Bethan Sexton, Daily Mail, November 19, 2023
Millennial and Gen-Z women say they’ve been inspired to convert to Islam by the Israel-Hamas war – and are sharing their religious awakenings on TikTok.
Recent converts say the conflict, which began with the murder of 1,200 Israelis on October 7, become a driving factor for their decision to join the Muslim faith.
Experts suggested for many, the choice is the ‘ultimate rebellion against the West’.
Among those sharing their journey is a self-described ‘leftist queer gremlin’ named Alex, who recently purchased a copy of the Quran – even though most interpretations of Islam take a dim view of LGBT relationships.
Alex, who has begun covering her hair with a hijab in line with Islamic teachings on modesty, says she began attending pro-Palestine marches after the October 7 terror attacks and the retaliatory strikes on Gaza.
She purchased a copy of the Quran on October 24 and took her shahada, a professing of Muslim faith, a short time after.
Alex was encouraged to convert after seeing TikToks by Megan Rice, another recent convert.
Rice posted on October 20 that she planned to read the holy book for the first time.
‘It just seems that Palestinians have this ironclad faith even in the face of losing quite literally everything,’ she told her then 400,000 followers.
Days later she founded the World Religion Book Club where she conducts live readings of the Quran. The online community now boasts 13,000 members.
Israel’s bombardment of Gaza in the wake of the Hamas is where her conversion ‘all started’ she told followers.
Many of the videos from predominantly Western women feature a variation on the hashtag ‘revert’.
Reversion is the Islamic belief that everyone is born into the Muslim faith and so any conversion is simply a return to the religion.
Among them is Madison Reeves, a,24-year-old mom from Tampa, Florida, who became interested in Islam in September after speaking with a Muslim girl on a language app.
However, the outbreak of the conflict and the ensuing ‘genocide’ as she describes it, compounded her reversion.
On October 24 the army vet posted a video of her wearing a hijab and celebrating her new found faith.
‘It’s a big adjustment,’ she told the Free Press.
Lorenzo Vidino, the director of the Program on Extremism at George Washington University, is unsurprised by the women’s conversion.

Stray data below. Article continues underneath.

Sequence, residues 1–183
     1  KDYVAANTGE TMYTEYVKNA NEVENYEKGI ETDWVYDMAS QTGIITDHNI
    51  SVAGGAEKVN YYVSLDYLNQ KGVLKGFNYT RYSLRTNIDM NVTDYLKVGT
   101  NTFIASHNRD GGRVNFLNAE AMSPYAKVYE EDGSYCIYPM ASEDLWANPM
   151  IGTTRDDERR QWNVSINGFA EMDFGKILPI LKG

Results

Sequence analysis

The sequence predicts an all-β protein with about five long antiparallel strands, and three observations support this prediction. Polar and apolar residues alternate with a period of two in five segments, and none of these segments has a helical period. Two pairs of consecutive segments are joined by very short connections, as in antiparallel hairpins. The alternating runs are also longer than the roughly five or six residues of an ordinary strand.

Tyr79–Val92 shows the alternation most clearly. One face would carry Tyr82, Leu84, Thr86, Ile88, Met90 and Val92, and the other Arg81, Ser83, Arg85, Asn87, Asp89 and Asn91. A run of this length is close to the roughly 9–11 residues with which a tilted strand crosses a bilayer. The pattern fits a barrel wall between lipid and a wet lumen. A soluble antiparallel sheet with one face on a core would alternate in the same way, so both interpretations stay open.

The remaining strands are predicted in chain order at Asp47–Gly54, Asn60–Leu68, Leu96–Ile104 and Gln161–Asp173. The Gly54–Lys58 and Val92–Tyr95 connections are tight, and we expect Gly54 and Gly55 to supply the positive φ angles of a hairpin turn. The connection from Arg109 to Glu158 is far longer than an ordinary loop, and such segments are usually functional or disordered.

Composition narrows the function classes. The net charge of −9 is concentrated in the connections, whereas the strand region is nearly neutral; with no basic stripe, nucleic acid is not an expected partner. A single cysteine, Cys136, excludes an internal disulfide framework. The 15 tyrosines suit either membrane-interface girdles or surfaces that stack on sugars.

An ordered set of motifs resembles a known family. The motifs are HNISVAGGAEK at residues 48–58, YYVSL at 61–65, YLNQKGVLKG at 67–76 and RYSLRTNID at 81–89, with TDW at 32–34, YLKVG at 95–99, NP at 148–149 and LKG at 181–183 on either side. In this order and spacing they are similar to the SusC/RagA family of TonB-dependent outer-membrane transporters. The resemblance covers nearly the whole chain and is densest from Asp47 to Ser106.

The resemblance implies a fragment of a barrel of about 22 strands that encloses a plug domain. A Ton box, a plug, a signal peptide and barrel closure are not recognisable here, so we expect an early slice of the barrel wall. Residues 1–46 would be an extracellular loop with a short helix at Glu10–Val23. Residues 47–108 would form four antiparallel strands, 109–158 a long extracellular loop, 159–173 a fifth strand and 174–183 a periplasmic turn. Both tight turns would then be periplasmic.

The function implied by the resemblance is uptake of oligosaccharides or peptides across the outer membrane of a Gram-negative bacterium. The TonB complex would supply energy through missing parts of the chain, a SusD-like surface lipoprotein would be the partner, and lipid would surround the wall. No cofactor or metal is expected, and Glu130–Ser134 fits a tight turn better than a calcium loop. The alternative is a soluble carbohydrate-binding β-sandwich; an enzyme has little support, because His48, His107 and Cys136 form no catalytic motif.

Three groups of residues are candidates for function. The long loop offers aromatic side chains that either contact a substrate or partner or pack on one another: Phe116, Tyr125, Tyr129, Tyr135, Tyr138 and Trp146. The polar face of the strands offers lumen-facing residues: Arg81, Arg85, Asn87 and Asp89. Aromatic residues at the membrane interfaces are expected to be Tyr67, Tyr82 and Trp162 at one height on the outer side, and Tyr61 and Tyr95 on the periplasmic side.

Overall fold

‘I mean, rebellion is part of being young,’ Vidino told the outlet. ‘At this point, what’s more rebellious, what’s more anti-Western and anti-capitalism and anti-establishment, than a conversion to Islam?’
He stated that reversion is ‘the ultimate rebellion against the West.’
In one of her videos, Alex hits back at criticism she is going to lapse back into Western ways once the ‘fad’ is over.
What part of the Western lifestyle do you think I’m going to run back to?’ She asks. ‘Uh, rampant capitalism? All the colonizing? ‘Cause I hate both of those things.’
Vindino also drew parallels between this and ‘salad bar extremism’.
‘You can choose different aspects of different extremist ideologies that are completely incompatible with one another,’ he said. ‘You put it all together in a sort of collage that makes very little sense.’
The phenomenon is not without precedent. In the year after 9/11, 8,000 US women converted to Islam, according to projections from the Hartford Institute for Religious Research.
Similarly there have been several high profile cases of ‘Jihadi Johns’ and ‘ISIS brides’ going to the Middle East, including Alabama ISIS bride Hoda Muthana who travelled to Syria to join IS in 2014.
Katherine Dee, an internet historian who studies social trends, said women are more likely to be religious and could be attracted to reversion in real life and online ‘because it offers a safe community for them.’
‘My guess is that TikTok is just following the same pattern,’ she added, explaining that there could a ‘fandom dynamic’ for some religious people who enjoy sharing with an online community.
‘It’s less about sincere religious belief,’ she explained, and more about ‘tribal alignment.’